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News, Security, Telecommunications - Written by Renai LeMay on Thursday, October 11, 2012 13:14 - 32 Comments
Labor, Coalition block data retention transparency
news Australia’s two major sides of politics have combined to block a Senate order moved by the Greens which would have forced the Attorney-General’s Department to produce key documents it is holding regarding advice it had received pertaining to the controversial data retention and surveillance scheme it is pushing.
The Federal Attorney-General’s Department is currently promulgating a package of reforms which would see a number of wide-ranging changes made to make it easier for law enforcement and intelligence agencies to monitor what Australians are doing on the Internet. For example, one new power is a data retention protocol which would require ISPs to retain data on their customers’ Internet and telephone activities for up to two years, and changes which would empower agencies to source data on users’ activities on social networking sites.
In two Senate orders he recently put before the parliament, Greens Senator and Communications Spokesperson Scott Ludlam had sought key documents pertaining to the proposal.
If they had been successful, the Senate orders would have seen any legal, technical and political advice received by the Government made public and tabled in Parliament, as well as any other relevant information pertaining to the proposed data retention scheme. However, Ludlam said in a statement this afternoon, both Labor and the Coalition voted against the Senate orders.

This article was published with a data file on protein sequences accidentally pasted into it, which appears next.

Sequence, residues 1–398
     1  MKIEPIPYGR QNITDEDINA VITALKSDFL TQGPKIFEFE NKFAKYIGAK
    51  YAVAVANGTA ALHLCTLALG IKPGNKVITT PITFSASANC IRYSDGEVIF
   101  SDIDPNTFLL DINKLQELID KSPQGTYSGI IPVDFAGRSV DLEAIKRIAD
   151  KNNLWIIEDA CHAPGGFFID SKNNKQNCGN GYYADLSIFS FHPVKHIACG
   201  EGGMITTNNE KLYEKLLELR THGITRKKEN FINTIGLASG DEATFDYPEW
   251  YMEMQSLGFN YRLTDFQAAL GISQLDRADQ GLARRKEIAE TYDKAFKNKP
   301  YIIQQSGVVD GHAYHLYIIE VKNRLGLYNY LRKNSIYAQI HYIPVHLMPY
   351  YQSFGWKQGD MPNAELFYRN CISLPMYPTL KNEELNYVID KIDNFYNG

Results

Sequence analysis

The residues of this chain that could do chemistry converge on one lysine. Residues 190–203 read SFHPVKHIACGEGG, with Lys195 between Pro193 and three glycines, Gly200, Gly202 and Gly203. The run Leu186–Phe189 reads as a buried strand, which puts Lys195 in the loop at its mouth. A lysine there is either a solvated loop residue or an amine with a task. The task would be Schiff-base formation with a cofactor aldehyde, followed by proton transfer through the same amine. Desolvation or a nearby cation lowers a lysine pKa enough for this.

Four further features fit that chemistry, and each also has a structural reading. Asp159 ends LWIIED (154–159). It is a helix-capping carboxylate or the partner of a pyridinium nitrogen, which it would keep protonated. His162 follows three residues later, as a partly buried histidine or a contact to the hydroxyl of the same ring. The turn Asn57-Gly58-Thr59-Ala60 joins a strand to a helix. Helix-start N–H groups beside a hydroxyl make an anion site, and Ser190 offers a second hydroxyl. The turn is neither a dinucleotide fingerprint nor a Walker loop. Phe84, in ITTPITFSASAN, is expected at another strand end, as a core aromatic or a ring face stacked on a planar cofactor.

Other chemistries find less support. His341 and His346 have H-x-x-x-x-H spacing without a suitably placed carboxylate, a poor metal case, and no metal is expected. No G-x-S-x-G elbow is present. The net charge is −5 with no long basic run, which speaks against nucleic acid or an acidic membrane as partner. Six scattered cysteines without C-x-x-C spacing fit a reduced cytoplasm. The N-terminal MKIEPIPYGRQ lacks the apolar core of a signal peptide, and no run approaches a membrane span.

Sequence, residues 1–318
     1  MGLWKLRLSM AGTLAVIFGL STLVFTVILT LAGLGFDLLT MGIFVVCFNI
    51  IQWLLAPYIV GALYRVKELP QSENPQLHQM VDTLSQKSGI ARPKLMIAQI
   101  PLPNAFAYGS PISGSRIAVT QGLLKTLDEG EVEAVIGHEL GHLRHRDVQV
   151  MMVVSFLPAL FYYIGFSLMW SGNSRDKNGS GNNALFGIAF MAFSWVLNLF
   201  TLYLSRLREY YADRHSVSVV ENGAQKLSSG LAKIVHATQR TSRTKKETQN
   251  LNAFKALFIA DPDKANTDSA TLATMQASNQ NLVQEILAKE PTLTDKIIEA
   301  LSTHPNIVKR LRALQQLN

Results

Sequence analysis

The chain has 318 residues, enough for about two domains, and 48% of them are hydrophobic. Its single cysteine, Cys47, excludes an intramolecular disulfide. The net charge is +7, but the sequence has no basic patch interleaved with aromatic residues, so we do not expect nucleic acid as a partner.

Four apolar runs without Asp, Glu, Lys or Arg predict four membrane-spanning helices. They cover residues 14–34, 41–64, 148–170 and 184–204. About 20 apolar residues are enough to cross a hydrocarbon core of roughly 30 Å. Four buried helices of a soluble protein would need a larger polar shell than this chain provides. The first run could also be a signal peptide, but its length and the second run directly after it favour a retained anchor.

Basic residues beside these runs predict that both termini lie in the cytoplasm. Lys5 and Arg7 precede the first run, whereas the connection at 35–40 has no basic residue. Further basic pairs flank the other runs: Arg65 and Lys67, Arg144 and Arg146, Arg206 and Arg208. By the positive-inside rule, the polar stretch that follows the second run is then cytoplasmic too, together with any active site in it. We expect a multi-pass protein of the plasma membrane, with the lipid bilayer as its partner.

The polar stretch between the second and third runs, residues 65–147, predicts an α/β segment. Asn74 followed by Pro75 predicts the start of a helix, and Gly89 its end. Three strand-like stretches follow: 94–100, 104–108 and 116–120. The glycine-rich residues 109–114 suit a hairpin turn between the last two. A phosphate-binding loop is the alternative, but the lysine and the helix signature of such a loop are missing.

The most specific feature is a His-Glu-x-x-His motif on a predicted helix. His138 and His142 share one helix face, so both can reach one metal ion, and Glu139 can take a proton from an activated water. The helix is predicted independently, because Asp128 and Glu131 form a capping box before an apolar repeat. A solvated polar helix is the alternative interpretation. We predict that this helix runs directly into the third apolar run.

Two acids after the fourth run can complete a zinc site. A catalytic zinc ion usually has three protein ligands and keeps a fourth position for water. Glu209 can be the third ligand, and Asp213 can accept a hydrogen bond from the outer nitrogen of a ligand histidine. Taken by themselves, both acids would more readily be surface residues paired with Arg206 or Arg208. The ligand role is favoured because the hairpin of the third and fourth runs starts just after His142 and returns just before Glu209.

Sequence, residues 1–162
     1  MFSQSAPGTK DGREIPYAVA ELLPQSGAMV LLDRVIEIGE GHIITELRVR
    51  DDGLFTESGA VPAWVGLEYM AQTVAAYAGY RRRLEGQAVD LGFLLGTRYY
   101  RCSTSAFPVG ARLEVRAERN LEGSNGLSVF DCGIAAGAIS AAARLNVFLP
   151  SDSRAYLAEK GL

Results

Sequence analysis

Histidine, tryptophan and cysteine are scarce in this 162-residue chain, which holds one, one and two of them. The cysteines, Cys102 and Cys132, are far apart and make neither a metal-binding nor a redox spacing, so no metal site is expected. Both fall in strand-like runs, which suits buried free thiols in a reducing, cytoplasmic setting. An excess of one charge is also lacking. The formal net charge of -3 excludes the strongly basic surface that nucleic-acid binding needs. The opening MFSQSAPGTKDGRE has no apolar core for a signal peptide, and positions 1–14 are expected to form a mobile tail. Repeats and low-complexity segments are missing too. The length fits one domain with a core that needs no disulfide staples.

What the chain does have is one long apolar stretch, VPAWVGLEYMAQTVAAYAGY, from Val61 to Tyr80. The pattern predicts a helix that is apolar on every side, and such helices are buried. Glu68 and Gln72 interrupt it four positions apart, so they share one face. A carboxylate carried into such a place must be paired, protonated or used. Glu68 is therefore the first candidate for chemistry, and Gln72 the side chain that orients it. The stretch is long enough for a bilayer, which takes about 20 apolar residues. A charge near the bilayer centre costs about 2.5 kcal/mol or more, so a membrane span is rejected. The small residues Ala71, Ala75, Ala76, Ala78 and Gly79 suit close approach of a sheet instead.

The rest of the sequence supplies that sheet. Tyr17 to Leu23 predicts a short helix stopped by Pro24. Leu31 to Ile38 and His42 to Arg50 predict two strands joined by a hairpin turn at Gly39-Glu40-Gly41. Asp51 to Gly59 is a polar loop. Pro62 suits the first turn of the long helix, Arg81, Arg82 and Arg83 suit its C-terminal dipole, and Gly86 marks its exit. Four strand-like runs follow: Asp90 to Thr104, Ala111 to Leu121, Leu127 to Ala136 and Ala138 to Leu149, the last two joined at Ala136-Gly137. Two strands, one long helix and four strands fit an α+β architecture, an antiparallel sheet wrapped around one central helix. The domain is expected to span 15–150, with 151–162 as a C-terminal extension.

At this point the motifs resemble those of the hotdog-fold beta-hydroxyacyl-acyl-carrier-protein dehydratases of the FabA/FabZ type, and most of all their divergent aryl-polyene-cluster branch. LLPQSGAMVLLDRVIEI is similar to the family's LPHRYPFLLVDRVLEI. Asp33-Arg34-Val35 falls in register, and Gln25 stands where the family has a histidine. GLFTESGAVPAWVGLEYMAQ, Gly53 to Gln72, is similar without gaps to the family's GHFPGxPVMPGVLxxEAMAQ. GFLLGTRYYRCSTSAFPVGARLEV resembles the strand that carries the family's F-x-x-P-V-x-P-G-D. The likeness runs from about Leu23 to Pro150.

“It was a perfectly reasonable request made in the interest of open and honest public debate – and the Labor Party and Coalition united to keep this information secret,” said Ludlam. “Today’s vote is a travesty. While the Government believes in the total exposure of private citizens’ correspondence – which is what data retention would mean – it colludes with the Opposition to keep its own plans concealed.”
The move is only the latest in a long string of actions which the Government has taken to block information about the data retention and surveillance proposal from reaching the public eye. The proposal is currently being examined by a parliamentary committee, but the committee has not been provided with the draft legislation which would support the proposal, nor key details of how it would be enacted.
Similarly, this week the Federal Attorney-General’s Department rejected a Freedom of Information request by the Pirate Party of Australia to release draft legislation associated with the data retention and surveillance proposal, with the department stating that public interest factors did not outweigh the need to keep the material private as it was still being deliberated on. The department has also rejected or substantially censored a number of Freedom of Information requests pertaining to the scheme and going back several years.
In addition, it’s not the first time Labor and the Coalition have teamed up to reject a Senate order put by Ludlam to obtain documentation relating to secret government project. In May this year, for example, Labor and the Coalition teamed up to block a motion put by Ludlam in the Senate which would have forced the Attorney-General’s Department to produce a series of documents regarding its closed-door meetings on Internet piracy in February this year.